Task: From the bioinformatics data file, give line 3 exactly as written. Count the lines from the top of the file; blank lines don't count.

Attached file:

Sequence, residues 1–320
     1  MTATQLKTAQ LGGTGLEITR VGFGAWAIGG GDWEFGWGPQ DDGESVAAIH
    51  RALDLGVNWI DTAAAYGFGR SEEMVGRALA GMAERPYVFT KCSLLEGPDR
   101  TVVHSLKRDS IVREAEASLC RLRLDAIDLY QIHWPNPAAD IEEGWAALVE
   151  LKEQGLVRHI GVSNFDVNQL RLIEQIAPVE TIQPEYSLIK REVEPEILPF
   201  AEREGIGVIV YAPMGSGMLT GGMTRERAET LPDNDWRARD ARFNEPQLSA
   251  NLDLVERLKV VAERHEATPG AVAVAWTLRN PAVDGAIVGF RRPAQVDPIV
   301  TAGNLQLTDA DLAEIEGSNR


    51  RALDLGVNWI DTAAAYGFGR SEEMVGRALA GMAERPYVFT KCSLLEGPDR